Want Better Cash Flow? Slash Your Property Tax Assessment
If your latest property tax bill has left you reeling – or at least scratching your head – consider that the asking price, to be negotiated downward.
Swings in the real estate market may mean that the current taxable value on your property is inaccurate. In fact, according to the National Tax Payers Union, up to 60 percent of homes are overvalued. The more startling statistic? Fewer than 5 percent of taxpayers appeal.
While there’s nothing you can do about the tax rate – which is set by local governments – you can appeal the taxable assessment of your property. If you think that the taxes you’re currently paying on your property are no longer in line with how much the property is worth, there are a few steps you can take.
Verify the Information
The first step is to review your tax bill for errors. The worksheet for the property, also known as the property record card or working papers, contains specific information about your home, such as square footage, number of bedrooms, etc. Verify that all of the information on the sheet is correct.
If you spot an error, a phone call or quick visit to your assessor’s office may be all that is required. If the bill seems accurate (aside from the assessed value), you may need to do more digging.
Assessors usually rely on external views of the home to make their assessments, so it may be worthwhile to double-check the numbers and do the math yourself. You may also choose to enlist the services of a state-licensed real estate appraiser to do an inspection of the property, usually for around $300 to $400.
You might also be entitled to certain tax deductions. Homestead exemptions, for example, may provide some relief from property taxes. The exemptions vary from state to state, so check with yours to make sure you qualify and, if so, if the exemptions have been applied to your property.
Know the Process
If you’re unable to find any errors that might result in a higher tax bill, you may want to consider initiating the appeal process. Before you begin, however, make sure you understand how the process itself works. The rules are different for every taxing jurisdiction, so you’ll need to check the requirements for your area.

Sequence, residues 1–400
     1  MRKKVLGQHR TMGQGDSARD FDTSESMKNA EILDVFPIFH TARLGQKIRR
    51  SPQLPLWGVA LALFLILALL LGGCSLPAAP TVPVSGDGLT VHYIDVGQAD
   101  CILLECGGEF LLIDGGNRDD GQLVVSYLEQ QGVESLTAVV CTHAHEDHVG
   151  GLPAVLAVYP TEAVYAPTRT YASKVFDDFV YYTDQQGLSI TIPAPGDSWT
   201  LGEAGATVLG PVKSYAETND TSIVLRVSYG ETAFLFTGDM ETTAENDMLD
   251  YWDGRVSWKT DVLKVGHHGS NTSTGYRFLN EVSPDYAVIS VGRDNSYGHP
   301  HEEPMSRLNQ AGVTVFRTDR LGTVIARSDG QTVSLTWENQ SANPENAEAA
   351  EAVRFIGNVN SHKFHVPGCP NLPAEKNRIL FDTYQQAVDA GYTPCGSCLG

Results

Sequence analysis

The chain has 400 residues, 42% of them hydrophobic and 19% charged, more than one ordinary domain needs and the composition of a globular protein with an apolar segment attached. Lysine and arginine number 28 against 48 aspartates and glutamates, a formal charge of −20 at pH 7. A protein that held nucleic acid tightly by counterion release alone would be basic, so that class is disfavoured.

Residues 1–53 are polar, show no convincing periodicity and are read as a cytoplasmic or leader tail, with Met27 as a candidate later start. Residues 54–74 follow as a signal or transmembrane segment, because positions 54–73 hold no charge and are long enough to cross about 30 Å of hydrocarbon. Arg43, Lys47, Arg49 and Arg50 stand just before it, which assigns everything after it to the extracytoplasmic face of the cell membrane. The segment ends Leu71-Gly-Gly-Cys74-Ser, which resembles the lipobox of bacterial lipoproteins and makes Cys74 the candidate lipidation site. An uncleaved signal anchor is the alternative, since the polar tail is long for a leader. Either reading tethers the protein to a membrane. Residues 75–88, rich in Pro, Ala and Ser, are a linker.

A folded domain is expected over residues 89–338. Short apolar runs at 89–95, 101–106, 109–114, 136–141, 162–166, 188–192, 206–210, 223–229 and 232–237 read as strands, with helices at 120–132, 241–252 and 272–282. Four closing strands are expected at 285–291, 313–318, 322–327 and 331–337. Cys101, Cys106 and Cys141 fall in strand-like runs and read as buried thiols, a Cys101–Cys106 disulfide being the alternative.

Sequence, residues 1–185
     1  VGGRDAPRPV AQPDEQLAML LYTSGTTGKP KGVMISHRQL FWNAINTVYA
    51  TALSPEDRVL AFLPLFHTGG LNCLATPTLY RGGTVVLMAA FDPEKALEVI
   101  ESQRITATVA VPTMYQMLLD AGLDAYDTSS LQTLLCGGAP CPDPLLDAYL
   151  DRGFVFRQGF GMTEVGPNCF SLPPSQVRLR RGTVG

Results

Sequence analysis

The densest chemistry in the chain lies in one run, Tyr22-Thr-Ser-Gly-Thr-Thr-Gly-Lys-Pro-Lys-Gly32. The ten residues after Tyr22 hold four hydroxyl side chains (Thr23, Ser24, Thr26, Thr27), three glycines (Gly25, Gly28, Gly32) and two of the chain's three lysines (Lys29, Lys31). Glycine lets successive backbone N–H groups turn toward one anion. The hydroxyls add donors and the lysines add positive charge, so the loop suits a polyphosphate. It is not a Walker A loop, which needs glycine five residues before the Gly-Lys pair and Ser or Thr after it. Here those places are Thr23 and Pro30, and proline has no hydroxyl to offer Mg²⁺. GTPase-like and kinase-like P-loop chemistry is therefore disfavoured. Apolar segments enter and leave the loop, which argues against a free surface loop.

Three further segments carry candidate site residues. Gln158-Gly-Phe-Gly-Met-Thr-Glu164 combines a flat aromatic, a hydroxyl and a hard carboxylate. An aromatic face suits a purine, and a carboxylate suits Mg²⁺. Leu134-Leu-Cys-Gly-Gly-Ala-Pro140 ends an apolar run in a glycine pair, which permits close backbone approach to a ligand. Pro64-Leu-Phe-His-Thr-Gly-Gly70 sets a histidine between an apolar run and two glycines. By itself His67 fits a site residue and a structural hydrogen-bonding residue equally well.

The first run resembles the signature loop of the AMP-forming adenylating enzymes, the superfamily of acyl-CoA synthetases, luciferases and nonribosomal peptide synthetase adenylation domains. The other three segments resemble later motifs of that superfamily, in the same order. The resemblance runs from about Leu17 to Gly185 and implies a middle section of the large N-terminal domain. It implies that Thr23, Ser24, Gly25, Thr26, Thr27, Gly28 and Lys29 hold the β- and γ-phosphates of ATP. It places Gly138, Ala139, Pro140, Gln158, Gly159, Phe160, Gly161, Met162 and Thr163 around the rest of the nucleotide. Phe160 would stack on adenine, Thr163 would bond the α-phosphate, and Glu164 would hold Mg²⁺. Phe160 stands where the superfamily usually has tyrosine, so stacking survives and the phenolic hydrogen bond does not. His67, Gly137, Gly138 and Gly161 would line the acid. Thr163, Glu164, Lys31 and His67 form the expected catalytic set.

Localities often only accept appeals within a narrow timeframe each year, often in a specific amount of time after property tax bills or reassessment notices are released. You may also have a window to appeal upon purchase of a property. If you’ve already missed the deadline for the year, you can use the time to prepare for the following year.
If you’re feeling particularly ambitious, you can also attend an appeals board meeting so you know exactly what to expect should you decide to proceed with an appeal.
You will of course want to research the values of comparable properties in your area (the National Tax Payers Union suggests looking at a minimum of five). Still, that information may not paint the entire picture of what your home is worth.
Remember that whoever assessed your property may not be aware of what lies inside, but you do. This is the time to be deeply critical of your property. Anything that may reduce or detract from its value should be noted. (Warning: be careful to never alert the local government of any code violations, or repairs made without a permit.)
Also consider factors outside of your property that might bring the value down, such as living on a busy street or near a railroad track. They might also help you make your case in an appeal.
Make your Case
Before you take the step to appear before an appeals board, you may want to request an informal meeting with a representative from the tax assessor’s office. You may also be requested to make your informal appeal in writing. This would be a good time to share any discrepancies you have found with the assessment worksheet for your property, as well as the other information you’ve been able to gather about your property’s value.
If an informal appeal doesn’t yield the results you were hoping for, you can take your case to your local appeals board. Again, the guidelines governing the process will vary depending upon locality, but this will be your opportunity to present any evidence that supports lowering the value of your home.
If you haven’t yet attended an appeals board meeting, you should do so before you’re scheduled to appear. Bring all supporting documentation you can think of, including recently sold comparable home listings, market data and photographs to help support your claim.
If your appeal is rejected, you may be able to take your case to your state appeals board. Or you can consider hiring legal help. However, consider how much you’ll spend on legal representation and how much you stand to gain from reducing your property taxes – you may find that fighting any further simply doesn’t pay.